The team is also adding more metrics to the heatmap – Neaman says the latest release earlier this year included 4G coverage – and they are working with local authorities to find out what would be more useful for them.

The doteveryone project will also link up businesses and councils, which McKenzie-Folan says will be crucial in bringing the sectors closer together.

Meanwhile, for Billy D’Arcy, the managing director of public sector at O2, says that the most important next step for projects like doteveryone’s is to move from analysis to action. “I think the big challenge for any heatmap is that there's a lot of information out there,” he says. “Doing analysis is fine, but what are the actions that are going to have a material impact?”

And it’s clear that this question is also on the minds of the team behind the heatmap.

“Until now, we’ve been developing the heatmap, rather than actively marketing it,” says Neaman. “The next step is how can councils use it, how can we target councils that need it the most, and how can we help people ‘buddy up’?”

The charity has now launched a beta platform that has a list of resources for councils and organisations running digital skills programmes, as well as a collaborative forum for people to ask questions, get help and share best practice.

“The focus," says Neaman, "is on helping local councils to understand their local area and what will work, to start to get them delivering programmes to help the digitally excluded."

Share this page



Please login to post a comment or register for a free account.


Jane Roberts (not verified)

Submitted on 3 August, 2016 - 09:43
The map provides some great drill-down detail for government agencies to help inform the design process but we’ve also got to consider the ways in which people want to interact. It’s not just a matter of looking at the lowest common denominator. Some users only access the web via their mobile. Or they might have access to a PC but it has an old operating system running on it. So making sure a service is workable in terms of being device and browser agnostic is important. As is ease of use. It’s worth remembering that many users will only complete a process once and that they’re coming to it cold. The process needs to be supportive with no blind alleyways for them to get lost down. It’s these nuances that also need to be addressed, as covered here:”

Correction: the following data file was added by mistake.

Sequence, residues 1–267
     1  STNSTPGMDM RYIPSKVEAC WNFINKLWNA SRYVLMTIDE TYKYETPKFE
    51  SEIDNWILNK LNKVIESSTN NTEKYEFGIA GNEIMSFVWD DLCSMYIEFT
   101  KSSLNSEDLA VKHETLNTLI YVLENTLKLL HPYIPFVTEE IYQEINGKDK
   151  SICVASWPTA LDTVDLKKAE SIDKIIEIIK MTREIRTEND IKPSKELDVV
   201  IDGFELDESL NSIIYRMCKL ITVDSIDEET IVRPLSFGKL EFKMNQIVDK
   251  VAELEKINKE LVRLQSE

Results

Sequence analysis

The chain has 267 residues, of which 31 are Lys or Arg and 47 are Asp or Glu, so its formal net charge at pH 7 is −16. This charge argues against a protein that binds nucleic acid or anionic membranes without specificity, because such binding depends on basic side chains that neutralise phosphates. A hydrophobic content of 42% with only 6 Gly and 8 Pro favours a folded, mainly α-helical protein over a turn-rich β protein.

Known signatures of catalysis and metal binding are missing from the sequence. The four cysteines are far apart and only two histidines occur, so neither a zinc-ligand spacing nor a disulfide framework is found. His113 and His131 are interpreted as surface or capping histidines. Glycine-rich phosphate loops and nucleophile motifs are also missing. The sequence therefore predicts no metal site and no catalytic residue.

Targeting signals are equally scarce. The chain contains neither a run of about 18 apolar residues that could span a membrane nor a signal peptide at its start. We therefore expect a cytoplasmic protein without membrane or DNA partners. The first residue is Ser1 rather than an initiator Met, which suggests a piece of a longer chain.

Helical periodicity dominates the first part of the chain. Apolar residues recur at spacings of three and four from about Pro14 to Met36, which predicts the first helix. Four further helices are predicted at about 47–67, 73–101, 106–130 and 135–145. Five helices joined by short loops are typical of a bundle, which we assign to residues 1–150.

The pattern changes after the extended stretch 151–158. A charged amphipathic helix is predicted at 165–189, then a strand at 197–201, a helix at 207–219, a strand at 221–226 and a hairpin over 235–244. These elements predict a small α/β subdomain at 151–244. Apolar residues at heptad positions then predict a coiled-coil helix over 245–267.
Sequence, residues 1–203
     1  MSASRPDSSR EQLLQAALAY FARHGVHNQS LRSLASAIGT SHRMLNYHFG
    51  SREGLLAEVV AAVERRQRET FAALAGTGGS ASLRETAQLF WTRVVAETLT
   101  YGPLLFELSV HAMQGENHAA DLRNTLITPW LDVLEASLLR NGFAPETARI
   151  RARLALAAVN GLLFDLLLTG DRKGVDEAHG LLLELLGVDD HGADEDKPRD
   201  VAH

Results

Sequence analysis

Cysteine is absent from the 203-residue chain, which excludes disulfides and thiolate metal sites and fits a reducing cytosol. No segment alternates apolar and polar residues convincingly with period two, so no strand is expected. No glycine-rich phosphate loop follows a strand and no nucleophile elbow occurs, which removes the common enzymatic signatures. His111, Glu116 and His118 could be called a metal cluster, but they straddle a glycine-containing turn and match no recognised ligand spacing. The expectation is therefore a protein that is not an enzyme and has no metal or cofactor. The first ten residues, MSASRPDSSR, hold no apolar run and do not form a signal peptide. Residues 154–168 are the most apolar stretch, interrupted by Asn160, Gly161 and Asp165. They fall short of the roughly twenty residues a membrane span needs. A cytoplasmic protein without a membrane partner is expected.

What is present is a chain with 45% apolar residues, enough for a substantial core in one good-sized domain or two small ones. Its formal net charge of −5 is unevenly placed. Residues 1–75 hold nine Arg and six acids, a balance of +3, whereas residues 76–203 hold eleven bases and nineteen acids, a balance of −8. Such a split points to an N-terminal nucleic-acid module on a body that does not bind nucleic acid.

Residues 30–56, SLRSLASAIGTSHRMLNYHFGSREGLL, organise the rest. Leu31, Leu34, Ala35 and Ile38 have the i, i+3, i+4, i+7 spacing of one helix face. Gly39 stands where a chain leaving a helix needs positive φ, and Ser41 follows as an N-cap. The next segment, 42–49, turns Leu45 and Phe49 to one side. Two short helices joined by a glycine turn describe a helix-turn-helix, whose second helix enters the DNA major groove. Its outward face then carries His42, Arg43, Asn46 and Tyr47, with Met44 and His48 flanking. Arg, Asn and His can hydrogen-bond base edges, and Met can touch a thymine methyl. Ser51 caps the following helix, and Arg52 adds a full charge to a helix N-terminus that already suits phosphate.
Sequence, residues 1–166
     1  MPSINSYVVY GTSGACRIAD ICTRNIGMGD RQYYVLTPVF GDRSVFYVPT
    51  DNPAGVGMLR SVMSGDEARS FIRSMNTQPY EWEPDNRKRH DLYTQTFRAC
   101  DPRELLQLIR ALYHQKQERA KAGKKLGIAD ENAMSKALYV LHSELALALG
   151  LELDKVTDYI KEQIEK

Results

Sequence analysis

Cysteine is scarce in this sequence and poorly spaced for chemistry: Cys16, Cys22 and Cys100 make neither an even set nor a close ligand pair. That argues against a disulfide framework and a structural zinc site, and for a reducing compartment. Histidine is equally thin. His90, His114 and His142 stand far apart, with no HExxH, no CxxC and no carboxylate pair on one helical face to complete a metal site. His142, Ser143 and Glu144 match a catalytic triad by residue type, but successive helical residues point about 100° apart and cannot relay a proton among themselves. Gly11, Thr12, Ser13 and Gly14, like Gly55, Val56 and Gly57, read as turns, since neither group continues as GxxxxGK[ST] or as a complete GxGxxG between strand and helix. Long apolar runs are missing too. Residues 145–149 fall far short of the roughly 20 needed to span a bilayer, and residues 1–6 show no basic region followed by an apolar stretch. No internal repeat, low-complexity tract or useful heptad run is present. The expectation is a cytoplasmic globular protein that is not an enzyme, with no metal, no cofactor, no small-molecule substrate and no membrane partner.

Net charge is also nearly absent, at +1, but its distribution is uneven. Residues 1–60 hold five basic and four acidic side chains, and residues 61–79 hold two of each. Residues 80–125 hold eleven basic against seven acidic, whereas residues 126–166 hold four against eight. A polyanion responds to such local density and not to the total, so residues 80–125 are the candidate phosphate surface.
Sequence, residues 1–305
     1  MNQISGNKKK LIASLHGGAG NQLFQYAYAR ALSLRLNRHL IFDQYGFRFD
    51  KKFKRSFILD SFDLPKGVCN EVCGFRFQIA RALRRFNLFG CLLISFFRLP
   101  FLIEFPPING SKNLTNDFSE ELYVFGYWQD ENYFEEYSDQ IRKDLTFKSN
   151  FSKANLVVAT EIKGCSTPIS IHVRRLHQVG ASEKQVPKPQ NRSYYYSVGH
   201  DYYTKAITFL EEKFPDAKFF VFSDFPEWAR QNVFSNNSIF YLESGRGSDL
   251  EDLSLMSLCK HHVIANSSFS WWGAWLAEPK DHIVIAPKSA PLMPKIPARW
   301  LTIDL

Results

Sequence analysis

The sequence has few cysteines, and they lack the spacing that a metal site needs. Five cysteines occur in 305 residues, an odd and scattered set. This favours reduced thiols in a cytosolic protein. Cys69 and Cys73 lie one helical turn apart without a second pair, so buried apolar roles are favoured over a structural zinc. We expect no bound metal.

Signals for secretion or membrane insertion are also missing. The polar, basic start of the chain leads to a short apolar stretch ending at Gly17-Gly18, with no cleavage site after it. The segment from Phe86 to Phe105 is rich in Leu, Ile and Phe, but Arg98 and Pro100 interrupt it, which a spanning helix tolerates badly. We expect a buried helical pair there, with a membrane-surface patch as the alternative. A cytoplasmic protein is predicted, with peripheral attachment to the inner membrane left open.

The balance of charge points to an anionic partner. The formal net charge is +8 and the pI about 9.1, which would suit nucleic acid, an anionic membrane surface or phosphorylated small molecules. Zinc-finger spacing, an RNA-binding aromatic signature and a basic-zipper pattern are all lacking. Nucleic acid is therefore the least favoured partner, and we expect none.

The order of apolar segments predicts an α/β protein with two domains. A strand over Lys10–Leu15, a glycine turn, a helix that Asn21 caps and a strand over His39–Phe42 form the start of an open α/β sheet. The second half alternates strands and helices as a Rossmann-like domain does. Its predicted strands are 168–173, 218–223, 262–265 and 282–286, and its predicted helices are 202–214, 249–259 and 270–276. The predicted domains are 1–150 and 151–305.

Related Articles

Apps, automation and allotments
28 August 2019

Durham County Council's head of digital Alan Patrickson lifts the lid on the authority’s citizen-focused five-year transformation journey

Lanarkshire trials video GP consultations
22 August 2019

Patients in Scotland given option of virtual appointments via PC or mobile device

Can the GDS innovation strategy deliver a lasting legacy for government?
14 August 2019

Government's new Innovation Strategy set out ambitious proposals to update processes, eliminate ageing kit, and embrace emerging technologies. PublicTechnology caught up with...

Government to investigate how local authorities use PSN
16 September 2019

Research will support ongoing efforts to drive migration away from legacy network

Related Sponsored Articles

Digital Transformation: Connecting and protecting with perfect predictability
10 September 2019

How can you stay ahead in the fast-paced world of digital technology? BT describes how it's a matter of focus... 

How to stay ahead of a changing threat landscape
3 September 2019

The security threat landscape is confusing and changing rapidly – there’s so much out there, how do you understand where the true risks are? BT offers insight from their own experience

The cyber security skills challenge: Hiring for tomorrow
27 August 2019

Organisations must alter their approach to cyber security recruitment in order to combat the global shortage of security professionals, writes BT 

Augmented Intelligence: digital transformation with humans in the loop
20 August 2019

BT reviews an event looking at how man and machine are working together to drive digital transformation